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Conclusion: Below we flag the potential for a drastic change in the direction of fiscal policy within Singapore. Further, expect the confluence of political consternation, social unrest, and accelerating inflation to weigh on Thai equities over the intermediate-term TREND.

Historic Change on the Way for Singapore?

On April 21, we published a report titled, “Read-Throughs From Singapore’s Upcoming Election”, which outlined the stakes for Singapore’s parliamentary election, currently taking place now through 8:00pm SGT tomorrow night. The largest takeaway was that Singapore is potentially looking at a major inflection point with regard to the direction of fiscal policy, and as such, we expected the ruling People’s Action  Party to continue to give in to more populist demands as they try to protect their party’s 52-year stranglehold on the Singaporean government.

Such measures have included spending $6.6B on cash handouts to citizens as a “growth dividend”, upgrading residential real estate, and increasing federal mandates for corporate pension fund contributions. Prime Minister Lee Hsien Loong has even gone as far as to officially apologize for Singapore’s exorbitant and often unavailable housing, promising additional attention to this issue if re-elected.

Judging by the tone on the streets of Singapore and the recent move in the equity market (suddenly broken from a TRADE & TREND perspective), re-election for Loong and his PAP counterparts is as questionable as it has seemingly been in decades. While that is not to say they won’t win with a majority of the ballots once again, we could see a measured reduction in their party’s current 87 parliamentary seats (out of 94 total) due to a record 82 challenges being mounted by opposing lawmakers including members of the growing Worker’s Party and the Singapore Democratic Party.

Elections in SE Asia: Consternation’s on the Ballot - 1

The strength in the opposition is being driven by a growing discontent among the Singaporean electorate stemming from rising consumer inflation, overcrowding, a general perception that jobs are increasingly harder to come by as a result of the government’s lax immigration policies, as well as a general distaste for what many describe as a “sense of complacency” out of the current government – well deserved complacency we might add.

Singapore’s GDP has grown 41x and its GDP per Capita has growth 45.7x since the PAP took over five-plus decades ago. Even still, there’s a growing sense among Singapore’s youth that the current party in office is out of tune with their interests. To their credit, Singapore’s GINI Coefficient, a measure of income inequality has actually risen over the last decade from 0.44 to 0.48, meaning that Singapore’s world-beating growth rates have yet to fully filter down though the social ranks. Unfortunately for the incumbent party, Singapore’s “rising tide” hasn’t lifted all boats; instead it’s buoyed the yachts of the world’s highest per capita share of millionaires.  As such, it doesn’t come as a conceptual surprise to see quotes like these from the Singaporean voters (Source: Bloomberg.com):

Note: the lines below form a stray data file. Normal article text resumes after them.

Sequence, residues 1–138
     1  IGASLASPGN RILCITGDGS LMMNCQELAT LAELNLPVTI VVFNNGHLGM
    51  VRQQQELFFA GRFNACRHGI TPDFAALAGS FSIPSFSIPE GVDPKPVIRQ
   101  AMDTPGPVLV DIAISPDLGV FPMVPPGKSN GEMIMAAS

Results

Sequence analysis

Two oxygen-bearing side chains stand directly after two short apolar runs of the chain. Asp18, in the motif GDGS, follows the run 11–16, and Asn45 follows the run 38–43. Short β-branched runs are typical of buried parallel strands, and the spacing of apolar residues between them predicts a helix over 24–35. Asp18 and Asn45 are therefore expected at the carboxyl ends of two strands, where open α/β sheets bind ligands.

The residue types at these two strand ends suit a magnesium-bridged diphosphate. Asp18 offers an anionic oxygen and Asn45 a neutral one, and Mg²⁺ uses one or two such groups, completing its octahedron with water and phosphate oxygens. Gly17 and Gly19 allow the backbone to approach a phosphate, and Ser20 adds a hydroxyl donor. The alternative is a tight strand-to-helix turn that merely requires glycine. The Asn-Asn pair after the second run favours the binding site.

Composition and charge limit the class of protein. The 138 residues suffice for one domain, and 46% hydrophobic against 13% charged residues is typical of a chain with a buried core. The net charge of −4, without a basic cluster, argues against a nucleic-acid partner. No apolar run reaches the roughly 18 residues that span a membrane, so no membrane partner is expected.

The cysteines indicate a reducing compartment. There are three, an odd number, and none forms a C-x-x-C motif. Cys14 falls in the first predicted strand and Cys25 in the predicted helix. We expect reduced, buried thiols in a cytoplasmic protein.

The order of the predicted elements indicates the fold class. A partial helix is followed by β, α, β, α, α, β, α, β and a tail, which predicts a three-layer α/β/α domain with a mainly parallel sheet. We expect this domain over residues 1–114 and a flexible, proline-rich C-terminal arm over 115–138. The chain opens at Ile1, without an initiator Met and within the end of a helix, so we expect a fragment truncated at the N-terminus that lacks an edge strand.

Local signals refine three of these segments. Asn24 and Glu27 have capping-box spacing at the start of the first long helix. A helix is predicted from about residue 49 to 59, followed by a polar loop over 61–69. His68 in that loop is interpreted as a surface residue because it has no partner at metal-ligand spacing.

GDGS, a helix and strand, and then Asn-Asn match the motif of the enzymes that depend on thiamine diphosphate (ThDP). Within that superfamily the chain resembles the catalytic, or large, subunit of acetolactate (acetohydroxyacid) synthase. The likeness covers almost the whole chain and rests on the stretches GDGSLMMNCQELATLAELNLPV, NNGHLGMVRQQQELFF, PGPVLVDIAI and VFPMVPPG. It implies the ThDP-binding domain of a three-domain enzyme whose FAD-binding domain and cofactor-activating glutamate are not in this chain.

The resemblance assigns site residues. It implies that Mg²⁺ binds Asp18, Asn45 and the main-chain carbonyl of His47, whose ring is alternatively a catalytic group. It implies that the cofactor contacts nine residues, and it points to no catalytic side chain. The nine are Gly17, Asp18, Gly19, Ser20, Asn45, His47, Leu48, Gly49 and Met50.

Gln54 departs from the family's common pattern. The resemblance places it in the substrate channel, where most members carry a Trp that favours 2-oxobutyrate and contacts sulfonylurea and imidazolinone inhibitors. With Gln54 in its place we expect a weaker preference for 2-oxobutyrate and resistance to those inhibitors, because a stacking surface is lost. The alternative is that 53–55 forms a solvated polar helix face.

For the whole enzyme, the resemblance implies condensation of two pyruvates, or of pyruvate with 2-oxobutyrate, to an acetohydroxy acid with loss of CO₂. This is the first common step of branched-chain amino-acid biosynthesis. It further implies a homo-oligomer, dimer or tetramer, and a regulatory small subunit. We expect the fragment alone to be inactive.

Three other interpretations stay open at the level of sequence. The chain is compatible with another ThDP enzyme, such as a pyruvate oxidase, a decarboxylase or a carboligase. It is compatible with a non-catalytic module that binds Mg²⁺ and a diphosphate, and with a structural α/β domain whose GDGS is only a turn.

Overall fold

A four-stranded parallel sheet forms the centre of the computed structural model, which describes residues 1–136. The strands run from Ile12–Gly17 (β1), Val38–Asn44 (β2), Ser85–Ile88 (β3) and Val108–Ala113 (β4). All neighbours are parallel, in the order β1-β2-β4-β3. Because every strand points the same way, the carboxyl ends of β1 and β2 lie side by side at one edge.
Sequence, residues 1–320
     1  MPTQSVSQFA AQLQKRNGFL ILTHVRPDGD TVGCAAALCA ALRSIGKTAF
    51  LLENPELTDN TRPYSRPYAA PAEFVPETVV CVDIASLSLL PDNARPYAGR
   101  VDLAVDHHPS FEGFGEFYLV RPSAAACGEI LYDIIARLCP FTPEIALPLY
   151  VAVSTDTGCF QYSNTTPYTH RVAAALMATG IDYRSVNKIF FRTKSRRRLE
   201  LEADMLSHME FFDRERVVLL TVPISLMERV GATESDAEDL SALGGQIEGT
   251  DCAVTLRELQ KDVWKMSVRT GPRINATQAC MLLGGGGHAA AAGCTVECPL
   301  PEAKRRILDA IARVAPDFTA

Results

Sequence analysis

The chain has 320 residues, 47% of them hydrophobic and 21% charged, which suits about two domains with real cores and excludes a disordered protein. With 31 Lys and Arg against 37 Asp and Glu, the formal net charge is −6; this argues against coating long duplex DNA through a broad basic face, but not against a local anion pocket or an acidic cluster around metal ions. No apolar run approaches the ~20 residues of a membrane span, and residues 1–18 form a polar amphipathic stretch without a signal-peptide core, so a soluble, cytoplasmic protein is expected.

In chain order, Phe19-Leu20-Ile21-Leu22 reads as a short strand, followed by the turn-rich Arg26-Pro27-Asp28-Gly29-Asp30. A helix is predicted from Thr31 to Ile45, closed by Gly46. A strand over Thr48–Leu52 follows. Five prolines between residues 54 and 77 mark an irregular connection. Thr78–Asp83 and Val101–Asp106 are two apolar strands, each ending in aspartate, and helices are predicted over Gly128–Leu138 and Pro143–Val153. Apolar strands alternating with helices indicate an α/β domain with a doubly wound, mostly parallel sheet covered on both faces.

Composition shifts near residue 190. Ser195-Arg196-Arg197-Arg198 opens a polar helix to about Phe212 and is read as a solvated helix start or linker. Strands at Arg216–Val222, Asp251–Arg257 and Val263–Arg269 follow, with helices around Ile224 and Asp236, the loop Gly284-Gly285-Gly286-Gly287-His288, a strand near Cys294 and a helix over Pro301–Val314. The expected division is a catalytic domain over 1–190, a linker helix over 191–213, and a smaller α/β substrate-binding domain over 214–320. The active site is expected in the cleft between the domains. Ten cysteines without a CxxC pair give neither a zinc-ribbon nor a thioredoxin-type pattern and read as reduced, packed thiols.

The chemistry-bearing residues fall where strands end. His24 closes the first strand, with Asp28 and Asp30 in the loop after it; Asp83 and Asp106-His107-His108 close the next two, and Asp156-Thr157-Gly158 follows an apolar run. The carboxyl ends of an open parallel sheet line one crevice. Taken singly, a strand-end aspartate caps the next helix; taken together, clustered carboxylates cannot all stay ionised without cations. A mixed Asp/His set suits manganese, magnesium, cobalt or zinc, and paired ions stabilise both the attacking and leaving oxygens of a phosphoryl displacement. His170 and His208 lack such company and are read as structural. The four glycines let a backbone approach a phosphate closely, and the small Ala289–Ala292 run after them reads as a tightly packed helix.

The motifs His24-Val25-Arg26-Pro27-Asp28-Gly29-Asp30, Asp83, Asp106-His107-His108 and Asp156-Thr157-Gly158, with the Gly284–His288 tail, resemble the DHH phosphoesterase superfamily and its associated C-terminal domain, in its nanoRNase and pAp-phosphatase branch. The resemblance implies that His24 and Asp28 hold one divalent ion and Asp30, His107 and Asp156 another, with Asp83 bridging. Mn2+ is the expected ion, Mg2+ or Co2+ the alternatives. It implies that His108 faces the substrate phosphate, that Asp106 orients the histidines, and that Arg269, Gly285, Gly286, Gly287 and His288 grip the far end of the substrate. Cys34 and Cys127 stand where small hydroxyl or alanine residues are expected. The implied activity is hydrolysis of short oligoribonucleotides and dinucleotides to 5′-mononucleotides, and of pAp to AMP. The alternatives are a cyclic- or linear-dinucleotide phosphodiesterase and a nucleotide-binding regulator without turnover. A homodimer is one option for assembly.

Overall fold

• “They keep telling us how they built Singapore… They are really very complacent.” - Alvin Lee, a 25-year-old economics and finance student at Singapore Institute of Management who plans to vote for the opposition.
  • “It’s very pressurizing living in Singapore... Everything is so expensive. The government says the economy is doing well but why am I not feeling it?” - housewife Low Bee Kian, 39, who has three children aged 10 to 16.
  • “The PAP has served us well over the many years but it’s gotten too high and mighty… I think it’s about time we had more opposition voices.” - Yeo Pei Ming, 56, a vegetable merchant and resident of Aljunied. 

With a record number of opposition candidates and a record number of eligible voters (2.21M) – many of whom have grown tired of the status quo – we could potentially see the a major political change take place this weekend in Singapore. Though it is unlikely the PAP will lose their majority in parliament, we could see electoral support for their party erode meaningfully enough to have a measured impact on the direction of fiscal policy in Singapore. Should this outcome occur, we would expect an acceleration in populist legislation (likely bullish for Singaporean consumer names and bearish for Singaporean property developers). We will continue to monitor for such changes, if any, real-time.

Social Unrest on the Horizon in Thailand?

Today, Thai Prime Minister Abhisit Vejjajiva dissolved parliament with the intention of paving the way for an election that may take place anytime within 45-60 days from now (July 26 – June 3). Vejjajiva and his ruling Democrat Party counterparts are looking to win their first popular mandate since 1992, after having been swept into power during the 2007 elections after the former prime minister Thaksin Shinawatra was overthrown in a military coup in 2006 and remains outside of the country avoiding a 2008 prison sentence for the abuse of power.